The Internet landscape will be changing next year as The Internet Corporation for Assigned Names and Numbers (ICANN) approved the expansion of domain name suffixes on Monday. With these changes, businesses won’t be restricted to generic domains such as .com, .net, and .org when registering a website address.
Applications for new web suffixes will open on January 12 next year and close 90 days later. “The first possible time at which some of the applications could be approved would be late in 2012,” Beckstrom told reporters. The domain names won’t be cheap.
It will cost a company $185,000 just to apply and there are a number of criteria that must be met before ICANN will give the nod for a firm to own the domain name of its choice.
The ICANN recognizes that this approval could create disruption and will only approve up to 1,000 new domains each year. This, combined with the high price tag to apply for a domain, is intended to discourage small parties from buying domains at a low-price for the purpose of inflated resale. Also, ” Only ‘established corporations, organizations, or institutions in good standing’ may apply for a new gTLD, according to ICANN guidelines. ICANN will not consider applications from individuals or sole proprietorships,” according to Bernice Han of AFP.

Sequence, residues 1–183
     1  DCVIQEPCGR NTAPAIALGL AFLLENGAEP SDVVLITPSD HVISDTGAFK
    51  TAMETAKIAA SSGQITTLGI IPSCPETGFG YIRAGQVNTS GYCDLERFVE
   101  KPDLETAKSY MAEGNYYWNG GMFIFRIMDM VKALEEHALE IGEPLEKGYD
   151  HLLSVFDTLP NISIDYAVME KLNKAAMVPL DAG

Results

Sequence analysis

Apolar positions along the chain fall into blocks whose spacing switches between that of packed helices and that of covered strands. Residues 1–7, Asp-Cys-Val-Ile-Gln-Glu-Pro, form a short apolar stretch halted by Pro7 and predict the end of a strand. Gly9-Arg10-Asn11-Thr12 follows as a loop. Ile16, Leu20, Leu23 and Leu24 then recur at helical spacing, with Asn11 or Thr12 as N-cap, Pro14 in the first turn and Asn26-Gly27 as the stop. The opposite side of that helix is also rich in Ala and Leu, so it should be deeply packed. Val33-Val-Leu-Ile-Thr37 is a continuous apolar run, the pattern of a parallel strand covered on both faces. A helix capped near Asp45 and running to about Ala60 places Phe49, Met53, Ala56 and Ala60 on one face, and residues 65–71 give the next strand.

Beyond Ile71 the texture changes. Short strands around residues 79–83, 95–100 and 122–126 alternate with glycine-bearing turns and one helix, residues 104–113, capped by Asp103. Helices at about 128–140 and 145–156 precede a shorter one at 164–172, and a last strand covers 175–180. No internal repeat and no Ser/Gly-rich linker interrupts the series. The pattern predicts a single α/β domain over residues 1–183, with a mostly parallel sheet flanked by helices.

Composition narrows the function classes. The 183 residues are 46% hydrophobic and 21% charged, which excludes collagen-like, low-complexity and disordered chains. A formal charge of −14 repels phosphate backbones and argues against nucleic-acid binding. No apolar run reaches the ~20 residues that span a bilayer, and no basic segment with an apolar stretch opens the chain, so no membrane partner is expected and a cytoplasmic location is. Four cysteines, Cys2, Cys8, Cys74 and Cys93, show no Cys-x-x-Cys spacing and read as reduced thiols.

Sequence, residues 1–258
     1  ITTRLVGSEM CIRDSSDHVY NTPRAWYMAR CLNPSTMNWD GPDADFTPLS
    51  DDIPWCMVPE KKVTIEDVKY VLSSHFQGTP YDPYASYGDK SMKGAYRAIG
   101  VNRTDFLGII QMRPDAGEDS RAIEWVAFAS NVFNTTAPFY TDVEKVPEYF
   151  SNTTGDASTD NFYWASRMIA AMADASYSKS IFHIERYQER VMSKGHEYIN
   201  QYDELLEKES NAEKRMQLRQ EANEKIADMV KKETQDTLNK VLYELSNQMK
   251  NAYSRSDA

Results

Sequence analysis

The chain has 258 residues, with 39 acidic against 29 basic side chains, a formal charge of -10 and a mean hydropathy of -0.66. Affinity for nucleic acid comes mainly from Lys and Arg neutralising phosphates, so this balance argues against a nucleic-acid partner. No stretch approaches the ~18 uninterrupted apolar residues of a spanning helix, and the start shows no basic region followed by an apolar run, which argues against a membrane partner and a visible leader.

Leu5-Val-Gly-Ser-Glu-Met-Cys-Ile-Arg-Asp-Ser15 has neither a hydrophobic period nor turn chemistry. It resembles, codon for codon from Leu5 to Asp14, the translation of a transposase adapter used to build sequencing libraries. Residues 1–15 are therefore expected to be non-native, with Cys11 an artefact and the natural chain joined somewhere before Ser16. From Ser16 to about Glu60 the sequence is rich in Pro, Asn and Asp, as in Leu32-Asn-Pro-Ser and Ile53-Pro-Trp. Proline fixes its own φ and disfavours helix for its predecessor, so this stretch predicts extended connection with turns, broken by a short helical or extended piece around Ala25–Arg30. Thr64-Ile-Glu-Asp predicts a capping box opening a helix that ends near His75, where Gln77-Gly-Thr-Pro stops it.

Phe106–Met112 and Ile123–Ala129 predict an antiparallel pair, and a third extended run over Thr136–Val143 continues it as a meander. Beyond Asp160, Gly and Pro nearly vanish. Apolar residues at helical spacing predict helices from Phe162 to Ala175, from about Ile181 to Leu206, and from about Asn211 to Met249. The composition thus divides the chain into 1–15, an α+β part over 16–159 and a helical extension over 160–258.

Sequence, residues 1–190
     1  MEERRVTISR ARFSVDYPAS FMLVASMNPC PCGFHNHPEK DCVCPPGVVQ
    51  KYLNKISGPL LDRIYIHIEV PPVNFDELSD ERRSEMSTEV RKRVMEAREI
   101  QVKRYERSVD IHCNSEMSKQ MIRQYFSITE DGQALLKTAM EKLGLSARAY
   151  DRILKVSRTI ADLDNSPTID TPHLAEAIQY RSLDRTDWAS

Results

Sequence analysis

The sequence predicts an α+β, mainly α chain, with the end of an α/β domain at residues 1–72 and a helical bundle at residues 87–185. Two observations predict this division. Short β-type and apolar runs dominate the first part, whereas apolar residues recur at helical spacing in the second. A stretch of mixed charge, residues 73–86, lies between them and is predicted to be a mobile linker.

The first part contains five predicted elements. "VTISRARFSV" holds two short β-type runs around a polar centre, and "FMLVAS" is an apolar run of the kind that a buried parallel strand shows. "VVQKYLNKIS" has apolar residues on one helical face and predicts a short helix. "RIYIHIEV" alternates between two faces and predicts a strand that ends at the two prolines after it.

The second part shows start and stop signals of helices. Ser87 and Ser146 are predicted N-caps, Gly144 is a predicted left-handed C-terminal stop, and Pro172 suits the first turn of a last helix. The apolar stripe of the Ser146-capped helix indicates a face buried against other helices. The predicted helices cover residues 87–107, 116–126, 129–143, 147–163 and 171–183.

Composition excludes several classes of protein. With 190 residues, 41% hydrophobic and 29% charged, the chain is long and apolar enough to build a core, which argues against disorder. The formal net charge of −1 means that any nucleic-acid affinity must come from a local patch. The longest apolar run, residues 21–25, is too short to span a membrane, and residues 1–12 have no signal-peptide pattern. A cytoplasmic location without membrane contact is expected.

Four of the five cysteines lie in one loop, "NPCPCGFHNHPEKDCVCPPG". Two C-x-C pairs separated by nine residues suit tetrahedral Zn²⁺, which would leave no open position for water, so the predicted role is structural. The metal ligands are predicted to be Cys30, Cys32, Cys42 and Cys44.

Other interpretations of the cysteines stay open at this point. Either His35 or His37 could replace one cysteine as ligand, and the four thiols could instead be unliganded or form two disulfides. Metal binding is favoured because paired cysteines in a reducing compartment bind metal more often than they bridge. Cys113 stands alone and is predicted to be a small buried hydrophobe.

With the high cost and limited access, there is concern that this decision will favour large companies. With all of the industries involved in the apple industry, which company do you think will own the .apple domain? Will it be impossible to ever again research any information on apple produce without a list of .apple pages coming up?